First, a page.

Management > Theory X and Theory Y
Theory X and Theory Y
In his 1960 book, The Human Side of Enterprise, Douglas McGregor proposed two theories by which to view employee motivation. He avoided descriptive labels and simply called the theories Theory X and Theory Y. Both of these theories begin with the premise that management's role is to assemble the factors of production, including people, for the economic benefit of the firm. Beyond this point, the two theories of management diverge.
Theory X assumes that the average person:
Dislikes work and attempts to avoid it.
Has no ambition, wants no responsibility, and would rather follow than lead.
Is self-centered and therefore does not care about organizational goals.
Is gullible and not particularly intelligent.
Essentially, Theory X assumes that people work only for money and security.
Theory X - The Hard Approach and Soft Approach
Under Theory X, management approaches can range from a hard approach to a soft approach.
The hard approach relies on coercion, implicit threats, close supervision, and tight controls, essentially an environment of command and control. The soft appoach is to be permissive and seek harmony with the hope that in return employees will cooperate when asked to do so. However, neither of these extremes is optimal. The hard approach results in hostility, purposely low-output, and hard-line union demands. The soft approach results in ever-increasing requests for more rewards in exchange for ever-decreasing work output.
The optimal management approach under Theory X probably would be somewhere between these extremes. However, McGregor asserts that neither approach is appropriate because the assumptions of Theory X are not correct.
The Problem with Theory X
Drawing on Maslow's hierarchy, McGregor argues that a satisfied need no longer motivates. Under Theory X the firm relies on money and benefits to satisfy employees' lower needs, and once those needs are satisfied the source of motivation is lost. Theory X management styles in fact hinder the satisfaction of higher-level needs. Consequently, the only way that employees can attempt to satisfy their higher level needs in their work is by seeking more compensation, so it is quite predictable that they will focus on monetary rewards. While money may not be the most effective way to self-fulfillment, in a Theory X environment it may be the only way. Under Theory X, people use work to satisfy their lower needs, and seek to satisfy their higher needs in their leisure time. But it is in satisfying their higher needs that employees can be most productive.
McGregor makes the point that a command and control environment is not effective because it relies on lower needs as levers of motivation, but in modern society those needs already are satisfied and thus no longer are motivators. In this situation, one would expect employees to dislike their work, avoid responsibility, have no interest in organizational goals, resist change, etc., thus making Theory X a self-fulfilling prophecy. From this reasoning, McGregor proposed an alternative: Theory Y.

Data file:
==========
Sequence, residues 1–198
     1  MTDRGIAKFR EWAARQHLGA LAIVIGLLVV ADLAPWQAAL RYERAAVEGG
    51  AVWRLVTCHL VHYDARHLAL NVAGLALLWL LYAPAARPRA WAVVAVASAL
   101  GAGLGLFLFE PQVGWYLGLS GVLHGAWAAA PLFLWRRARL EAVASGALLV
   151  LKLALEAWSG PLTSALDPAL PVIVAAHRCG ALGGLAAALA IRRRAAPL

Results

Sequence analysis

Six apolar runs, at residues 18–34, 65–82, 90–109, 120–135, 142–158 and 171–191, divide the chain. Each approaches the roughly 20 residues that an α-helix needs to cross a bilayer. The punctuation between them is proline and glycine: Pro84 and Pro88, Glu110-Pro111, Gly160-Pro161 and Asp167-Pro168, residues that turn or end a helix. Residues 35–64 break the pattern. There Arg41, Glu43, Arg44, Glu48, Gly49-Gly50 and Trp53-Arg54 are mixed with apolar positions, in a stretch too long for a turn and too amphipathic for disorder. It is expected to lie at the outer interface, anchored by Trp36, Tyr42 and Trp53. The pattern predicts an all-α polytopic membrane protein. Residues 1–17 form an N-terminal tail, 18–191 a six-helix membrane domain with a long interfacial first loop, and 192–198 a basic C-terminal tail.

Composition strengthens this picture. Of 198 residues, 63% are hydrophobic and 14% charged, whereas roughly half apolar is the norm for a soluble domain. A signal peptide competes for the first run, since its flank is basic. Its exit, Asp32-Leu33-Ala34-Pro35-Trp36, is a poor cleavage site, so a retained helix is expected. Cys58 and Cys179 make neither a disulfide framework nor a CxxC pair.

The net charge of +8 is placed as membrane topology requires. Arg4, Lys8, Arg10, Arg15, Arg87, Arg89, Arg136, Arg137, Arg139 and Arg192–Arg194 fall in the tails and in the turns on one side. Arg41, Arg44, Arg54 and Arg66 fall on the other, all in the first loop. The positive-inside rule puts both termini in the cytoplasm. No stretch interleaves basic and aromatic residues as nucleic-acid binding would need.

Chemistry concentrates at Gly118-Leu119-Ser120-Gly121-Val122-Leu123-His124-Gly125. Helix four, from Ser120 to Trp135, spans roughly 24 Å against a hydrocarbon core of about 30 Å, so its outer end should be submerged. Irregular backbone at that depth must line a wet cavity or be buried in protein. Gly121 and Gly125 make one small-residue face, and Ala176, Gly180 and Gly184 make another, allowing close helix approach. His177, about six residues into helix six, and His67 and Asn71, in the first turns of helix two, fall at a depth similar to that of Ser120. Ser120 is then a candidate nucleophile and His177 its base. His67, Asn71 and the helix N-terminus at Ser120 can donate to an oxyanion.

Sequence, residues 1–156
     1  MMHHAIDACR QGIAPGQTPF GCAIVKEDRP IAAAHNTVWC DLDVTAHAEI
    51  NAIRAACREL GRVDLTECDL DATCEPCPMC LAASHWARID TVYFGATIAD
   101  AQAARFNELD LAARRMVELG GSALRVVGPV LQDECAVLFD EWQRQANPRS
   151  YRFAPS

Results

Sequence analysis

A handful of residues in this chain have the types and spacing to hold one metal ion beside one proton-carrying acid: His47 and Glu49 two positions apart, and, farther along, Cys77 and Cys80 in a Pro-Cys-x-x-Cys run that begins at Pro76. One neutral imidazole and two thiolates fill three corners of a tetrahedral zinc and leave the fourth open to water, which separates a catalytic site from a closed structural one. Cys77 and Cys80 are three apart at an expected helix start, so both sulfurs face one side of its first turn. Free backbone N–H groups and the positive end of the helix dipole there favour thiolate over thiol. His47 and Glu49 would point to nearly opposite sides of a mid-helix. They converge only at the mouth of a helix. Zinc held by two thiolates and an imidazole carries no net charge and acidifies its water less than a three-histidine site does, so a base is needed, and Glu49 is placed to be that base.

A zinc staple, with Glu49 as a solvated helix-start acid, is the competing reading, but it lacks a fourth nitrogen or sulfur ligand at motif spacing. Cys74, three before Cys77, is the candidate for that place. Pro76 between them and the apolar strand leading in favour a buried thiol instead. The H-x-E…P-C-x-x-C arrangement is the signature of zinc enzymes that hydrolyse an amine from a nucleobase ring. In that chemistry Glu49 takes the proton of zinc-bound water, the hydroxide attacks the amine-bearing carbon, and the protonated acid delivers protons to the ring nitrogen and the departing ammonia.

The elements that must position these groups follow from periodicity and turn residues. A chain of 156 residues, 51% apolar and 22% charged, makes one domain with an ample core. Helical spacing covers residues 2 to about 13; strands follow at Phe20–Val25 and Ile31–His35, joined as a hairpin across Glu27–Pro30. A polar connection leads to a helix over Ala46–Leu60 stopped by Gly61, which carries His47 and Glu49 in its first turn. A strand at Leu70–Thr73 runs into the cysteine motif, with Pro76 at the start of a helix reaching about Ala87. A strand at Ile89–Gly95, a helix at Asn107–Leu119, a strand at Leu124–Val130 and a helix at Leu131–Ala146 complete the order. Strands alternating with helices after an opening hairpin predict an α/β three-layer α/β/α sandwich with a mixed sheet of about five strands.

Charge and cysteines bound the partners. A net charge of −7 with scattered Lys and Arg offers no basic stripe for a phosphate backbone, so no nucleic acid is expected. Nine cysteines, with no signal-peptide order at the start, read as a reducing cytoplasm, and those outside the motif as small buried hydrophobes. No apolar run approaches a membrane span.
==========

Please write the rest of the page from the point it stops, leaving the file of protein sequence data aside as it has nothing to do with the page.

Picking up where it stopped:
The higher-level needs of esteem and self-actualization are continuing needs in that they are never completely satisfied. As such, it is these higher-level needs through which employees can best be motivated.
Theory Y makes the following general assumptions:
Work can be as natural as play and rest.
People will be self-directed to meet their work objectives if they are committed to them.
People will be committed to their objectives if rewards are in place that address higher needs such as self-fulfillment.
Under these conditions, people will seek responsibility.
Most people can handle responsibility because creativity and ingenuity are common in the population.
Under these assumptions, there is an opportunity to align personal goals with organizational goals by using the employee's own quest for fulfillment as the motivator. McGregor stressed that Theory Y management does not imply a soft approach.
McGregor recognized that some people may not have reached the level of maturity assumed by Theory Y and therefore may need tighter controls that can be relaxed as the employee develops.
Theory Y Management Implications
If Theory Y holds, the firm can do many things to harness the motivational energy of its employees:
Decentralization and Delegation - If firms decentralize control and reduce the number of levels of management, each manager will have more subordinates and consequently will be forced to delegate some responsibility and decision making to them.
Job Enlargement - Broadening the scope of an employee's job adds variety and opportunities to satisfy ego needs.
Participative Management - Consulting employees in the decision making process taps their creative capacity and provides them with some control over their work environment.
Performance Appraisals - Having the employee set objectives and participate in the process of evaluating how well they were met.
If properly implemented, such an environment would result in a high level of motivation as employees work to satisfy their higher level personal needs through their jobs.
Management > Theory X and Theory Y